Helen Rodríguez Trías

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Helen Rodriguez-Trias
Helen Rodriguez-Trias.JPG
The first Latina president of The American Public Health Association
Born 1929
New York City, New York
Died December 27, 2001
New York City, New York
Nationality American
Notes
Rodriguez-Trias was a founding member of the Women's Caucus of the American Public Health Association. She was also the recipient of the Presidential Citizen's Medal.

Helen Rodríguez Trías[a] (1929 – December 27, 2001) was a pediatrician, educator and women rights activist. She was the first Latina president of the American Public Health Association, a founding member of the Women's Caucus of the American Public Health Association, and the recipient of the Presidential Citizen's Medal. She is credited with helping to expand the range of public health services for women and children in minority and low-income populations in the United States, Central and South America, Africa, Asia, and the Middle East

Early years[edit]

Rodriguez-Trias' parents moved to New York City from Puerto Rico in the early half of the 20th century. After her birth, her family returned to Puerto Rico only to return to New York in 1939. In New York, Rodriguez-Trias experienced racism and discrimination for the sole reason that she was Puerto Rican.[1] In school, she was placed in a class with students who were academically handicapped, even though she had good grades and knew how to speak English. After she participated in a poem recital, her teacher realized that she was a gifted child and sent her to a class with gifted children.[2]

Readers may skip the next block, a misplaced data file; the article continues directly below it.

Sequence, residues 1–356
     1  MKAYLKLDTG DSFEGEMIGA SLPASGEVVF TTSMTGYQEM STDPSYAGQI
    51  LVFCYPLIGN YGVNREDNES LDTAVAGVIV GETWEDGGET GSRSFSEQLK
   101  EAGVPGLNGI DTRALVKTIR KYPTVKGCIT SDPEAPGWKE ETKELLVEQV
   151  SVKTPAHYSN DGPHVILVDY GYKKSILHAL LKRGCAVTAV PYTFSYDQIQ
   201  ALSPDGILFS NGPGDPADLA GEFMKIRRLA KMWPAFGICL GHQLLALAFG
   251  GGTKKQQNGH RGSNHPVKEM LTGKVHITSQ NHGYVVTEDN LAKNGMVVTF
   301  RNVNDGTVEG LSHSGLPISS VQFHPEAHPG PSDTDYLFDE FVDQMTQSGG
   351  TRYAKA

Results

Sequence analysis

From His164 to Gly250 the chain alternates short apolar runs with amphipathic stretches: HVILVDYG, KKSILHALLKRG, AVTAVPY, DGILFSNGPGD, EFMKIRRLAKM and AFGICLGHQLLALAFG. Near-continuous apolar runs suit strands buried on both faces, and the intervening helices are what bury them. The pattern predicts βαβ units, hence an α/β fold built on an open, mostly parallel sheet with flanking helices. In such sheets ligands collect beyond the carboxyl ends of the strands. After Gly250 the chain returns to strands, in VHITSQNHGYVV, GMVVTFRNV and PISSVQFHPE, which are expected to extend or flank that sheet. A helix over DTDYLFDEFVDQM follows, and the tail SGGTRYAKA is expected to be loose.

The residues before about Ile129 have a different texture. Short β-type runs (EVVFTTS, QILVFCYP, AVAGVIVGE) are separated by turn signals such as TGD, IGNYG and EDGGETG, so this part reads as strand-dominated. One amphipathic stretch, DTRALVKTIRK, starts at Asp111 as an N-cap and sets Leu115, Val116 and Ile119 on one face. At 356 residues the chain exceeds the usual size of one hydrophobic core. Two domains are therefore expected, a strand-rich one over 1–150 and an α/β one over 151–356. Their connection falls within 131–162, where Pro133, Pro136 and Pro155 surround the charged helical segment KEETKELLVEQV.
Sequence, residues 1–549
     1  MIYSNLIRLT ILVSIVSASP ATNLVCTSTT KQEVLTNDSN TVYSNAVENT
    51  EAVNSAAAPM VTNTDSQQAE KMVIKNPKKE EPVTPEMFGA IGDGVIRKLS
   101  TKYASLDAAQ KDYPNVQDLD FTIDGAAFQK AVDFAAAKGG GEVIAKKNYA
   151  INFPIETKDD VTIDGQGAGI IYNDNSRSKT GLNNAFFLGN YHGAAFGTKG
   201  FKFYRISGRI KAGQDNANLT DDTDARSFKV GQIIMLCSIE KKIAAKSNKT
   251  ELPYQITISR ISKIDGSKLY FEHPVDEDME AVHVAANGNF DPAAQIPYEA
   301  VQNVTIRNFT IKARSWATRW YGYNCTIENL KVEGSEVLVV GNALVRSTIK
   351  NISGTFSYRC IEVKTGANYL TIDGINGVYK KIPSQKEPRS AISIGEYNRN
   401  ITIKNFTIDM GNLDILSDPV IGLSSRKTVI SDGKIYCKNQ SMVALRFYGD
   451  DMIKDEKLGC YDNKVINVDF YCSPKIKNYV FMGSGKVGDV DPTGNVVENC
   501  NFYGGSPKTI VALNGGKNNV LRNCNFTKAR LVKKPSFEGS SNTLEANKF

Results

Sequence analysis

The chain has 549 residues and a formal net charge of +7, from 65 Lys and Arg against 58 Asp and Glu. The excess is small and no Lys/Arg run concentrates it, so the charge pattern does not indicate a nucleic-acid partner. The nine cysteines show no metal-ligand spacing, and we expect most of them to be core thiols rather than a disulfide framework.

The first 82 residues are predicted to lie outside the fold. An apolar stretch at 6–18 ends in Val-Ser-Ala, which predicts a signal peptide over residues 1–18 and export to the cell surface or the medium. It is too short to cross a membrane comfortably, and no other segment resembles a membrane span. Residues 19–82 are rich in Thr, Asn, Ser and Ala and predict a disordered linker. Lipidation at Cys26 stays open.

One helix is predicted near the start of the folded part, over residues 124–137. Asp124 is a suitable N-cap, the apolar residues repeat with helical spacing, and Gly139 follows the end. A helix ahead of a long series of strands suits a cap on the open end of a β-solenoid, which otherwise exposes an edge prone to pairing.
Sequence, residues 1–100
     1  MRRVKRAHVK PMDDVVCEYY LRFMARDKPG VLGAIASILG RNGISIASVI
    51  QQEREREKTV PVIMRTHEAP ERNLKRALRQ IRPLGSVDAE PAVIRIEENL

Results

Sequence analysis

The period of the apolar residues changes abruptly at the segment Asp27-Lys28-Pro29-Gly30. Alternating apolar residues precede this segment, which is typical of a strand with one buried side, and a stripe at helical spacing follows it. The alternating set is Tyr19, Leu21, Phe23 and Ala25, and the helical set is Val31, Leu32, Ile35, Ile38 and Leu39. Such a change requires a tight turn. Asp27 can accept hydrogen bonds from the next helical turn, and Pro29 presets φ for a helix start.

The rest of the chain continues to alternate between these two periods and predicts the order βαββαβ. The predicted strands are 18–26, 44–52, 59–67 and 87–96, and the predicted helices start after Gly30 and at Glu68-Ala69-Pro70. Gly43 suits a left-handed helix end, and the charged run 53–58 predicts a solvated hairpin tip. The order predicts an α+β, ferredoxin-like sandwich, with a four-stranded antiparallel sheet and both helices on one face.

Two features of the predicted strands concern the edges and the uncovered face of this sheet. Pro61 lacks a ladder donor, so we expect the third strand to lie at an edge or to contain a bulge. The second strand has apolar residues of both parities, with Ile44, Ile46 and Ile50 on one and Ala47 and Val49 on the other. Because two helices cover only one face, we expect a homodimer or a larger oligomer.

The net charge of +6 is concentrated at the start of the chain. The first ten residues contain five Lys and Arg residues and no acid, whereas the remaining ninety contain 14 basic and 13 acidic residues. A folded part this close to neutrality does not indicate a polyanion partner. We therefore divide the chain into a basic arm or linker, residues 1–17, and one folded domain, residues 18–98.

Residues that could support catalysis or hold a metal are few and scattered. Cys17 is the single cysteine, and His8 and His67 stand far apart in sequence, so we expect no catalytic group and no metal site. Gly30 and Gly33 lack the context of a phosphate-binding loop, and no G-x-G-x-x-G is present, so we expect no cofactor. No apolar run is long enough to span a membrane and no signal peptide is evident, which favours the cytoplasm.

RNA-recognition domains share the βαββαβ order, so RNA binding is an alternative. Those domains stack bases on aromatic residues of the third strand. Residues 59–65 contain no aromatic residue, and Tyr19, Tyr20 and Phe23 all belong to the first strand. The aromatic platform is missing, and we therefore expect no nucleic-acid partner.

Puerto Rican independence activist[edit]

Rodriguez-Trias's mother was a school teacher in Puerto Rico. However, in New York, she was not able to get a teacher's license because, at that time, bilingualism was considered a handicap. Therefore, her mother had to take in boarders in order to meet her financial needs and to pay the rent. After Rodriguez-Trias graduated from high school, she decided that she would like to study medicine and that her chances would be much better in Puerto Rico, because the island had a good scholarship system.[2]

In 1948, she began her academic education at the University of Puerto Rico in San Juan. The university had a very strong independence movement and Rodriguez-Trias became involved with the student faction of the Puerto Rican Nationalist Party. Nationalist leader Don Pedro Albizu Campos was invited to speak by the student council, however the chancellor of the university, Jaime Rexach Benítez, did not permit Albizu access to the campus. The students consequently went on strike, with Rodriguez-Trias amongst them, but her brother did not approve of this. He threatened to cut off her college expenses and she returned to New York.[2]

In New York, she married and had three children, before she decided to return once more to Puerto Rico to pursue her degree. At the University of Puerto Rico, she became a student activist on issues such as freedom of speech and Puerto Rican independence.[3] She earned her BA degree in 1957 and entered UPR's school of medicine. She earned her medical degree in 1960 and soon after gave birth to her fourth child.[1] During her residency at the University Hospital in San Juan, she established the first center for the care of newborn babies in Puerto Rico. The hospital's death rate for newborns decreased 50 percent within three years.[2] She established her medical practice in the field of pediatrics in the island after completing her residency. During this timeframe she divorced her husband and in 1970 returned to New York.